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The Magic Pudding

By Steven Schwartz - posted Friday, 30 August 2013


Announcing the latest round of assistance to the motor car industry, Minister Kim Carr urged us to think of the handout as a "co-investment". According to Carr, "every dollar we put in ... generates about $20 for the economy". This is truly astonishing. Put your money in the bank and you are lucky to collect 3 cents in yearly interest, but hand a dollar over to Holden and it miraculously turns into $20.

Applying Carr's arithmetic, the $2 billion that Labor proposes to give Holden will generate a return of $40 billion (almost enough to pay for the National Broadband Network). With such a lucrative return, why think so small? Why not give Holden $10 billion and give the economy a $200 billion boost? Or, toss in $50 billion and go for a cool trillion?

Carr did not explain how this incredible "investment" works, but you can be certain that the money will not come from manufacturing cars. Holden is a zombie business, technically dead but still breathing because of regular injections of taxpayer funds. Giving Holden a handout is like putting bandaids on a corpse. Even Holden's managers admit that the company will never be profitable, justifying endless handouts by claiming that every country is doing it.

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If an investment in Holden cannot be expected to make any return at all, let alone the

turbocharged one predicted by Carr, then where is the money to come from? It is likely that the Minister is relying on some grotesquely exaggerated version of Keynesian macroeconomics, which prescribes public spending as a way to increase "aggregate demand" in times of recession. The idea is that the $2 billion given to Holden will eventually make its way into the pockets of the company's suppliers and workers. They, in turn, will invest it in new equipment or workshops or spend it on consumer goods, education and holidays. As the money ricochets around the economy confidence will grow and demand will rise. Unemployed workers and idle capital will be put to work to meet the increased demand. In this way, the initial $2 billion is multiplied, or at least that's the theory.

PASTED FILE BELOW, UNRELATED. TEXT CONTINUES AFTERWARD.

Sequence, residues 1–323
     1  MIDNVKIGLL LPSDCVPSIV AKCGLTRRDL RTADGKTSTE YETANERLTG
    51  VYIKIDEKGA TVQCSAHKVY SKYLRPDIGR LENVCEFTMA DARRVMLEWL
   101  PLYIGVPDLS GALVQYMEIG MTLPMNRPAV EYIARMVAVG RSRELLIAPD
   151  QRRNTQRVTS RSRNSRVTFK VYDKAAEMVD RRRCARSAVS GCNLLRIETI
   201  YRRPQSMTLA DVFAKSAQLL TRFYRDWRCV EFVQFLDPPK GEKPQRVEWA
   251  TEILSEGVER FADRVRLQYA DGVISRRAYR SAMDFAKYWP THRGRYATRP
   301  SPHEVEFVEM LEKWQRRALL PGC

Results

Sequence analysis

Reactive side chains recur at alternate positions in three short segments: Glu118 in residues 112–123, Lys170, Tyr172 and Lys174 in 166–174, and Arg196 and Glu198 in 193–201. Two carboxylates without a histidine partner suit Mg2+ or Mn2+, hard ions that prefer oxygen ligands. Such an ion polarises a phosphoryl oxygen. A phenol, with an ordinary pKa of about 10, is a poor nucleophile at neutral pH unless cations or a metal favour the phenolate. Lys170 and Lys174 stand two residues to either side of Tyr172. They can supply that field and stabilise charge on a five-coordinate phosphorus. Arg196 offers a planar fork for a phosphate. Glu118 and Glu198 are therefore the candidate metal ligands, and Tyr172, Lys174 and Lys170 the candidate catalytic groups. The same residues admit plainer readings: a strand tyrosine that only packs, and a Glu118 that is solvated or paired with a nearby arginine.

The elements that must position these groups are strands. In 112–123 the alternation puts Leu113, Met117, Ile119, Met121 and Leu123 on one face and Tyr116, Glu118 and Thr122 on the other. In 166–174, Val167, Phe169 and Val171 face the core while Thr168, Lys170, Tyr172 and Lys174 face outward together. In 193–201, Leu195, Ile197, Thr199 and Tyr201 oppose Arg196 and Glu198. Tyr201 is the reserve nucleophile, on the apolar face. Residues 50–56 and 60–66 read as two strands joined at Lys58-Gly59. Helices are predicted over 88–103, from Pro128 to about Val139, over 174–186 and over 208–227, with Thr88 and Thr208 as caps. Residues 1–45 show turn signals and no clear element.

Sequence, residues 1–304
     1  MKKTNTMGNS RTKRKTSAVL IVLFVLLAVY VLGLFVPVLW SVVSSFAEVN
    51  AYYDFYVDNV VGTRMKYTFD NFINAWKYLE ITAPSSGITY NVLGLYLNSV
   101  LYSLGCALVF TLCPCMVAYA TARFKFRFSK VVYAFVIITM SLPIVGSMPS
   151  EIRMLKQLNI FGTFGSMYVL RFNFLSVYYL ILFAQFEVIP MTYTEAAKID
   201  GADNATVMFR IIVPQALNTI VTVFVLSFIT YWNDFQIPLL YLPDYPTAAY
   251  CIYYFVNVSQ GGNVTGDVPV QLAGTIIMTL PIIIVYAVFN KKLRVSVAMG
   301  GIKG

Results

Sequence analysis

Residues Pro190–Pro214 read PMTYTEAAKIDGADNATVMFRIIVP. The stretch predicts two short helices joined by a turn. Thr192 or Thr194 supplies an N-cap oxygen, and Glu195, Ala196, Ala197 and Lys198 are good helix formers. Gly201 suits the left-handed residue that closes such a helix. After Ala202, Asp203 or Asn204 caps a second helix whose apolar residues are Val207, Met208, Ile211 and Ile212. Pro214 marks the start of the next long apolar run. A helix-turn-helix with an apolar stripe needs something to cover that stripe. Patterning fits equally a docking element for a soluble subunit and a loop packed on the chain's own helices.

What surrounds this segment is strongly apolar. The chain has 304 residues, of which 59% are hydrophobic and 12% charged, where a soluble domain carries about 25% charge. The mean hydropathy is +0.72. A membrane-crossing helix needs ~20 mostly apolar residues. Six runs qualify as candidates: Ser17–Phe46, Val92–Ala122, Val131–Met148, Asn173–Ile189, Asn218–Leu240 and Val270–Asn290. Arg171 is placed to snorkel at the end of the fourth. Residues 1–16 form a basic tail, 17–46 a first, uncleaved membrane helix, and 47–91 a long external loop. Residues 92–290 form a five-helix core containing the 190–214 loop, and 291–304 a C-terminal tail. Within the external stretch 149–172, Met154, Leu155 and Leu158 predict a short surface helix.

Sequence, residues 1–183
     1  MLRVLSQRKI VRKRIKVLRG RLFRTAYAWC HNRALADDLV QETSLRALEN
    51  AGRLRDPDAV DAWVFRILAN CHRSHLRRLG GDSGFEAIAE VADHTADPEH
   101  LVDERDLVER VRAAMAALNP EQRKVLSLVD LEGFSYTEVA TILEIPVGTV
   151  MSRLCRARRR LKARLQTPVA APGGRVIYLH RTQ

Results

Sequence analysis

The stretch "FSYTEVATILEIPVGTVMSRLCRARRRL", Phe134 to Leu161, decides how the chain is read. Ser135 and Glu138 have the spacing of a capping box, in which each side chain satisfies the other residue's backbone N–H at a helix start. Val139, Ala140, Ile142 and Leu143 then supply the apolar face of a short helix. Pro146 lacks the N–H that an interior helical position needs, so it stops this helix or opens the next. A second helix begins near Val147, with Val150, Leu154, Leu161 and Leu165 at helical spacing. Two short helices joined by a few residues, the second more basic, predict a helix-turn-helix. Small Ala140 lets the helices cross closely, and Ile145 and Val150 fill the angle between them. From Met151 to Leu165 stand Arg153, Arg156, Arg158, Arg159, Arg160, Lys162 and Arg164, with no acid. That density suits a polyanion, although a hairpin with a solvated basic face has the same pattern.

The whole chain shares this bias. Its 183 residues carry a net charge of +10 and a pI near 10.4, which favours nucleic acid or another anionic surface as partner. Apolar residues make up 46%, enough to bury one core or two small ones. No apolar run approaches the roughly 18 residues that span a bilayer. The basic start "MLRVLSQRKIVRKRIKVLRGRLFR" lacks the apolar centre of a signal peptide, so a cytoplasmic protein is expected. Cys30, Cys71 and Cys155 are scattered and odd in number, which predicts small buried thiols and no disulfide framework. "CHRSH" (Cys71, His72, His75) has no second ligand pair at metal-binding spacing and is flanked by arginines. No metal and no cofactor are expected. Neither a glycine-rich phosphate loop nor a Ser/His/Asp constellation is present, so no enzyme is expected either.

In practice, economists disagree about the size or even the existence of multiplier effects. Some claim that the multiplier effect of government spending is less than one. In other words, taking money out of the pockets of taxpayers and giving it to Holden actually depresses economic growth because the money could have been used more productively.

At the other end of the spectrum, economists using complex mathematical models have claimed to find evidence for multiplier effects of 1.5 or 2 but no one is currently claiming a multiplier of 20. If this number is accurate, Kim Carr has found a true magic pudding and he owes it to a troubled world to reveal the recipe.

But don't hold your breath; there is no magic pudding.

Even Keynes would not expect Holden's handout to generate economic growth because the economy is growing, unemployment is low and aggregate demand is relatively high. In such circumstances, redirecting money from productive uses to a moribund car manufacturer will either shrink the economy or increase inflation (or both). That is why Keynes demanded that governments run surpluses when the economy is healthy ("the boom, not the slump, is the right time for austerity at the Treasury"). Alas, this aspect of Keynes' thinking has never appealed to Labor governments, which routinely run budget deficits in booms and busts.

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Keynes despaired that his name had become attached to profligate government spending programs. He once left a meeting of government economists saying that he was the only non-Keynesian in the room.

It's time that our ministers stopped hiding behind a perverted version of Keynesianism. Keynes believed that markets work well most of the time. He understood that individuals pursuing their personal interests, guided by an unfettered price mechanism, make better investment choices than government ministers whose "investments" are political driven. And unlike hubristic politicians, Keynes did not believe that there are lucrative investment opportunities that are ignored by private investors but clearly visible to government ministers.

Keynes once described the ideal economist as a "mathematician, historian, statesman and philosopher." This is not a bad set of characteristics for a politician either. Alas, we seem to have wound up with just the opposite-mathematically illiterate, unable to learn from the past and whose only philosophy is power.

Steven Schwartz is a senior fellow at the Centre for Independent Studies

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About the Author

Steven Schwartz is a former vice-chancellor of Macquarie University.

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